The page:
Calculating the Cost of Customer Acquisition

It can be tricky to determine where to invest money in your business to help it grow. What will give you the return on your investment without negatively impacting your business? Learn to calculate the cost of acquiring a new customer for your business.

Attracting new customers to your business while retaining your existing customer base is the key to sustainable growth. But we all know that new customer acquisition is more expensive than customer retention. The better equipped businesses are to quantify their customer acquisition costs, the better they will be able to factor these costs into their budget and ensure that they invest appropriately in customer acquisition as well as retention.

Here, we’ll look at what businesses need to know about taking control of their acquisition costs and growing their business without compromising their carefully balanced budgets or overspending on marketing channels that offer low returns on their investments.

CAC: Customer acquisition cost explained

Customer Acquisition Cost or CAC calculation enables businesses to identify how much they are spending on each newly acquired customer and therefore ascertain which marketing channels yield the most ROI.

For instance, let’s say you allocate £5,000 of your marketing spend this year to social media marketing. This includes a combination of paid ads and organic content marketing and encompasses the human resource costs for your marketing and any analytics tools or other overheads incurred.

Your combined social strategy yields 250 new customers. Therefore, your customer acquisition cost was £20 over the course of the year.

Customer acquisition cost is an important metric for businesses that determines the efficacy of their marketing strategy in attracting new customers. The lower their CAC, the more effective their marketing is in acquiring new customers.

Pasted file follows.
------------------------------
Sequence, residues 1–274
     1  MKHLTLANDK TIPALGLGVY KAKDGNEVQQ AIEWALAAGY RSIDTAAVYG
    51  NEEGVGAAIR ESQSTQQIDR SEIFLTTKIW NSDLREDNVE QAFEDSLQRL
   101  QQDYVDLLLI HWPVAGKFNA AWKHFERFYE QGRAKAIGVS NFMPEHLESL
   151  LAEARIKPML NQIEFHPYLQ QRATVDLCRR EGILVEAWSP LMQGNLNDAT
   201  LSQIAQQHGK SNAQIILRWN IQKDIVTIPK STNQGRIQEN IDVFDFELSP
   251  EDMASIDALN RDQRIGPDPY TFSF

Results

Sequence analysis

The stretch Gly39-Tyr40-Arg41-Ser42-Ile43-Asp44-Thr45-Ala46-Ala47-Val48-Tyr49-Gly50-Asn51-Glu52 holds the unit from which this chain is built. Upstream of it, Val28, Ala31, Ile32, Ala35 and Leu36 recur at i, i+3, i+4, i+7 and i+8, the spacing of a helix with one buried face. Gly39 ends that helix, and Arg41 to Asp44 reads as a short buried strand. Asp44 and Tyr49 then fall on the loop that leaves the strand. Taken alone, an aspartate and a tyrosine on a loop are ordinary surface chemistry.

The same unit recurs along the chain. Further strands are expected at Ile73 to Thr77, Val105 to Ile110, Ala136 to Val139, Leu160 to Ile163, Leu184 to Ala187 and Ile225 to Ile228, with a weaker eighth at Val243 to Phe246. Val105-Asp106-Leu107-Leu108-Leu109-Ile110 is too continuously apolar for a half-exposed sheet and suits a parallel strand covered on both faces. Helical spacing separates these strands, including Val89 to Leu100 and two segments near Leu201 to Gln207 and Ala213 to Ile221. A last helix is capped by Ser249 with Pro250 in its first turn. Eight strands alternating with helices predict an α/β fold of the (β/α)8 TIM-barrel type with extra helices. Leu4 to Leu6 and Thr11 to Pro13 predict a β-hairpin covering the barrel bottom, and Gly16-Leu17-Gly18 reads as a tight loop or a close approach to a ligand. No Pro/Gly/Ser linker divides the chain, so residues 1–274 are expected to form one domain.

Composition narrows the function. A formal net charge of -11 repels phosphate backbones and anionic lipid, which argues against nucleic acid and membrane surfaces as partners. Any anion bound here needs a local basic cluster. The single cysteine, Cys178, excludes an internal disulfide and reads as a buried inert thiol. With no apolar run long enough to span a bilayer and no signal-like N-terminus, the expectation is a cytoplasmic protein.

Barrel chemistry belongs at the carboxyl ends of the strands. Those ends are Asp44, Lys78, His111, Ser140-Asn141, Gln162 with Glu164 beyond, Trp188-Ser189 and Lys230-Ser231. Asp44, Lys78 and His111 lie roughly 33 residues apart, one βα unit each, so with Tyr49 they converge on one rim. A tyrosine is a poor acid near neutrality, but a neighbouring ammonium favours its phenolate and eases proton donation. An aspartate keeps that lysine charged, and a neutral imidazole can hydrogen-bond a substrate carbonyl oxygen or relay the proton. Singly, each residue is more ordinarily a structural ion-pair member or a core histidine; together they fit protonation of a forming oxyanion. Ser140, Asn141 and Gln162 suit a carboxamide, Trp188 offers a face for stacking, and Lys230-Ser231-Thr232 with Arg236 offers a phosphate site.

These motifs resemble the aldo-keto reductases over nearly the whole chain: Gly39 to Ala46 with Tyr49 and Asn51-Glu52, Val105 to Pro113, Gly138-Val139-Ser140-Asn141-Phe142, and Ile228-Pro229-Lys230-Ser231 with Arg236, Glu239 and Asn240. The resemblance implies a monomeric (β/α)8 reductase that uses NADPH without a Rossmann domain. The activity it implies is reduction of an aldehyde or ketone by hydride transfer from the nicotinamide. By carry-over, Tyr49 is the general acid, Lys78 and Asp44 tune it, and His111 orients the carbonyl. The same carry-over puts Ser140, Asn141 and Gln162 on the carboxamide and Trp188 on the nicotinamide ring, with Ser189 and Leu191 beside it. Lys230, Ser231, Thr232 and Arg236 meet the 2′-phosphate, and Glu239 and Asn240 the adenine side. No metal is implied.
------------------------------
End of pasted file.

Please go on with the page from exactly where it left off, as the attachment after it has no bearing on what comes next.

Customer acquisition cost formula

The CAC formula is fairly straightforward. Simply combine the cost of sales and marketing and divide this figure by the number of new customers your efforts have acquired.

CAC = (cost of sales + cost of marketing) / new customer acquired

You can do this across your entire marketing spend or carry out separate calculations for each marketing channel to see which offers the best ROI. Here are a few examples of channels that your business may include in the formula above:

  • Social media campaigns

  • Paid advertising

  • Email marketing

  • Paid sales

  • Marketing and sales employees

  • Outdoor advertising such as billboards or signs

  • SEO (search engine optimisation)

  • In-person events such as pop-up shops, exhibitions or conferences

  • Direct mail

CAC & marketing budget

By rule of thumb, companies that sell directly to consumers should aim to spend between 5% and 10% of their overall revenue on marketing while B2B companies should generally aim to spend 2-5% on marketing. Despite the grim realities of the economic climate, 39.5% of UK businesses expect to increase their marketing spend in 2023 and 2024, with only 15.3% anticipating spending cuts according to the most recent IPA Bellwether Report.

Across the country, savvy businesses are not hacking and slashing their marketing budgets. Still, they are looking more closely at how hard their marketing strategies are working for them, investing in areas with lower acquisition costs and higher ROI.

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Customer acquisition cost and lifetime value